Northern Prairie Wildlife Research Center
Here, subscripts i and i - 1 indicate current and previous months at some arbitrary time, respectively, and PDSI0 = 0. The Zi in Equation (1), called the monthly Z-index, is defined as
where K is a coefficient and
In the above, P is actual monthly precipitation. The terms in the parentheses on the right-hand-side (r.h.s.) of Equation (3) combine to yield monthly 'climatologically appropriate rainfall'. In particular, PE is potential evapotranspiration, PR potential water recharge to soil, and PRO potential runoff. Palmer (1965) used a two-layer soil model consisting of a surface layer, 'plow layer', and an underlying layer, 'root zone', and defined PL as the sum of soil water of the two layers available for evapotranspiration. He called this term 'potential loss of soil water to evapotranspiration'. The four coefficients in Equation (3) are defined as
where the overbar denotes a long-term average of the parameter values for the ith month. The numerators in the above four expressions are long-term monthly averages of evapotranspiration, soil water recharge, runoff and available soil water amount, respectively.
Using the recursive relation of PDSIi and PDSIi-1 we can rewrite Equation (1) as
This new formula of PDSI indicates how soil dryness/wetness anomalies of previous months affect the PDSI value of the ith month. Because c = 0.897 < 1 and m is a positive integer, the effect of previous months on the index gradually decreases as (i - m) increases. Soil wetness anomaly in the ith month has a full impact on the index value for that month. The simple form of Equation (5) for Z and the PDSI also indicates that the task of examining separate effects of precipitation and temperature anomalies on the PDSI can be carried out by examining the relationship between Z and anomalies of precipitation and temperature.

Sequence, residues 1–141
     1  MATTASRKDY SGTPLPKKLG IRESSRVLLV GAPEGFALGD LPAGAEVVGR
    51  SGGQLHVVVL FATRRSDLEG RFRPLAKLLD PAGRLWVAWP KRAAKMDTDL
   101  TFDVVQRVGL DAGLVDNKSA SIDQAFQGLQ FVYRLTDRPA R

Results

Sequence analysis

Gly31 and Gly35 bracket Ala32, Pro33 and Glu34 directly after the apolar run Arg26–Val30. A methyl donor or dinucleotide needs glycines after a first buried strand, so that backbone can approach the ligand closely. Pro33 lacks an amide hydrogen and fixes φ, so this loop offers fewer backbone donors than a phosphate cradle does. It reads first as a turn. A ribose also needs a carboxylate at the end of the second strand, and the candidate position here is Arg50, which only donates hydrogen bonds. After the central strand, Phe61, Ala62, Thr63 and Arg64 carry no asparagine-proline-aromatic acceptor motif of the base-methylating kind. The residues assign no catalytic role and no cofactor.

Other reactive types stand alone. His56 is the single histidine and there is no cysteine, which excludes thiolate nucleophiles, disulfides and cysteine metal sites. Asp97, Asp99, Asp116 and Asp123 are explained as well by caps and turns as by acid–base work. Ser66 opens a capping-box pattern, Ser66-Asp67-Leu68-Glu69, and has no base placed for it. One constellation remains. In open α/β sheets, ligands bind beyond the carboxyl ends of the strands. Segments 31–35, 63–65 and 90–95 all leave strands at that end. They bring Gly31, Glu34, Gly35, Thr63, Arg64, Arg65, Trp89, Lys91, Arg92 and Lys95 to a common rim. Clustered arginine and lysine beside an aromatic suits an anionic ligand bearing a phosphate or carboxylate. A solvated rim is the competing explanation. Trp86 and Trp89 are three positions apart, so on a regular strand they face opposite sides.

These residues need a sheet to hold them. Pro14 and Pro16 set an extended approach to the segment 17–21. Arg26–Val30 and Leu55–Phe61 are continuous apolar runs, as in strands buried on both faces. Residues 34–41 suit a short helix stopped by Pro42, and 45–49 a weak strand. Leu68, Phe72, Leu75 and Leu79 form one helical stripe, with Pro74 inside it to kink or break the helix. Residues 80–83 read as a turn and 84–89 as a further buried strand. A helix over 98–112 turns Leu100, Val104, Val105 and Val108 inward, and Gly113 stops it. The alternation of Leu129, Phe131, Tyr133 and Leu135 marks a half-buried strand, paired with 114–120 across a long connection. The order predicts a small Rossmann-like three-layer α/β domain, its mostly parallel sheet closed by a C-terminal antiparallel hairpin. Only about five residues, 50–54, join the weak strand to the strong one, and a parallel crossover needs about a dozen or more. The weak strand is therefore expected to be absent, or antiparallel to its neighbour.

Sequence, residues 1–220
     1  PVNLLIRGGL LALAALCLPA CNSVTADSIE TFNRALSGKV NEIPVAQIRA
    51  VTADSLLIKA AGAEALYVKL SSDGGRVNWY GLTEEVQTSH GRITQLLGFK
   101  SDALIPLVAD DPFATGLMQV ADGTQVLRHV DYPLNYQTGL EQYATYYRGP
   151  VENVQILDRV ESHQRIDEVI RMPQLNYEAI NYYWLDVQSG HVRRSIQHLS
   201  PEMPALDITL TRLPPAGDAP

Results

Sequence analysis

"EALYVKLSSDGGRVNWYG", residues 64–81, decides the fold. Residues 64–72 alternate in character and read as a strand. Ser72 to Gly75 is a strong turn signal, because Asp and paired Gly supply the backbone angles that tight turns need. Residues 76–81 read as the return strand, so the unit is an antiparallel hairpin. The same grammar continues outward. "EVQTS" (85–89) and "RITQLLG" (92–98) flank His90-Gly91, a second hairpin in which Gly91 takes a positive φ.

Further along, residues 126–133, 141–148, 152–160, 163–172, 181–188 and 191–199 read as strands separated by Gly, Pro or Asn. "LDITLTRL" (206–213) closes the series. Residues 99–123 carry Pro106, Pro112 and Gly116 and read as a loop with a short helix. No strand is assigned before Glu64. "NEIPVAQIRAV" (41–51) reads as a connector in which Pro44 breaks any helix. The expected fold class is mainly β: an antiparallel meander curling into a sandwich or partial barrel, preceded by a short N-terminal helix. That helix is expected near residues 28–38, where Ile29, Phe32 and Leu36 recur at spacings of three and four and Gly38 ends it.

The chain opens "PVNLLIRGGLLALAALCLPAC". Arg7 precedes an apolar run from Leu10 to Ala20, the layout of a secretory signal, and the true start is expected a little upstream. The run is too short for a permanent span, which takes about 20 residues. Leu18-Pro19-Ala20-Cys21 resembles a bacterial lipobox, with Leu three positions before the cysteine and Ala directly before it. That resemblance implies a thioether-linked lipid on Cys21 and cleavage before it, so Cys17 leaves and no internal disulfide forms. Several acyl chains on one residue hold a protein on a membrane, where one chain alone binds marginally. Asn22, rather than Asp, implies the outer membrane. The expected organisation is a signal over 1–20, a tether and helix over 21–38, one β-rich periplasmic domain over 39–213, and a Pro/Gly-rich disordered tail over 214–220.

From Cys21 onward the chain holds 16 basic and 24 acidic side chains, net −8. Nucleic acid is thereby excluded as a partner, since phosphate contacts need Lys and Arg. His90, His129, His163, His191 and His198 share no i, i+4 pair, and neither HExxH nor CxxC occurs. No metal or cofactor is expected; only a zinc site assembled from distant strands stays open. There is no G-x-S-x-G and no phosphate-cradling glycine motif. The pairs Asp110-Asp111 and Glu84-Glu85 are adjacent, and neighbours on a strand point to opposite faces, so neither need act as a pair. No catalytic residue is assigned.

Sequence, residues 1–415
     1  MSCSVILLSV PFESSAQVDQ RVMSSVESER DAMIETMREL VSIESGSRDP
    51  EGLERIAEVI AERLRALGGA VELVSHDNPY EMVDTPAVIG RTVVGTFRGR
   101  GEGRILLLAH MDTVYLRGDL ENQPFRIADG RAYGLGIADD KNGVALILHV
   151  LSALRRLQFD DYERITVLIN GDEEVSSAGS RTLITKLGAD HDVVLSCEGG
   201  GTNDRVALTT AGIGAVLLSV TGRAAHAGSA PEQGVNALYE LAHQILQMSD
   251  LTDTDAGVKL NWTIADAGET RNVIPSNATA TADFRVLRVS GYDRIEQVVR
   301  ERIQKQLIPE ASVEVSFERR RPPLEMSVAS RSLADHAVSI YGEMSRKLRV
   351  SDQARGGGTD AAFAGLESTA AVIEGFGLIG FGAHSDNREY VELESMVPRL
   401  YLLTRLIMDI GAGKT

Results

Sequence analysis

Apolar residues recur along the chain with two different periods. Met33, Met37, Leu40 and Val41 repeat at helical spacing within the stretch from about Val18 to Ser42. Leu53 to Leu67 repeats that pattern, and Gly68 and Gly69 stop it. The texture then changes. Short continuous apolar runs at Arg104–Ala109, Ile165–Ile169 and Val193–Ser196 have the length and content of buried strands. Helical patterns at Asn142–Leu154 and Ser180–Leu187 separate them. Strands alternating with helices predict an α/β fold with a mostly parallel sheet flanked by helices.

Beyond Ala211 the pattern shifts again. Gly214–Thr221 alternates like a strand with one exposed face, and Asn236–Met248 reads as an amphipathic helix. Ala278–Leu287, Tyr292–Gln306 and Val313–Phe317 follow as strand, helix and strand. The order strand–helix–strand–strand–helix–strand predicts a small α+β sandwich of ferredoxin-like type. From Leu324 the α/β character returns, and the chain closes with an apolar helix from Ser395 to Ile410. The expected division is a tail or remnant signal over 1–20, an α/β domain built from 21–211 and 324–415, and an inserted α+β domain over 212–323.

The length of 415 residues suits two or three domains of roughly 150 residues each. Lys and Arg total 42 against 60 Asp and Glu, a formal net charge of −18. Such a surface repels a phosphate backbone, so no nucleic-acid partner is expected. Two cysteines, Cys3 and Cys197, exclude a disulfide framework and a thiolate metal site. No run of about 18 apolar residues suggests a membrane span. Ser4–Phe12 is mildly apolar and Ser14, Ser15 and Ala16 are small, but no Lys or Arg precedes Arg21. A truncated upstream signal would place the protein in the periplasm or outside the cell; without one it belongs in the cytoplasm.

Rearranging the terms in Equation (3), we have
Here, we have combined the last three terms in the parentheses on the r.h.s of Equation (3) into term S. Therefore, (P - S) yields actual available soil water for evaporation and transpiration from rainfall events in a specified time interval, e.g. one month. The term αPE is total monthly loss of soil water by evapotranspiration. When this term is larger than the first term, the monthly rainfall is inadequate to maintain the 'climatologically required' soil water and the soil suffers a net loss of water by an amount of αPE - (P - S). In this situation, the available soil water decreases to meet evapotranspiration demand and a drought condition develops. Because S is determined by topography and physical and hydraulic properties of soils at a site and is independent of surface air temperature, it can be represented further as a fraction of total precipitation of the month, that is, S = κP. In this expression, 0 ≤ κ ≤ 1, and 0 ≤ κ came from the fact that κ defines the fraction of monthly precipitation used in runoff, recharge to soil and contribution to the storage of the available soil water, and these contributions are zero when monthly rainfall is zero. Mathematically, this is justified by the fact that the undefined expression S/P approaches zero when both P and S are zero.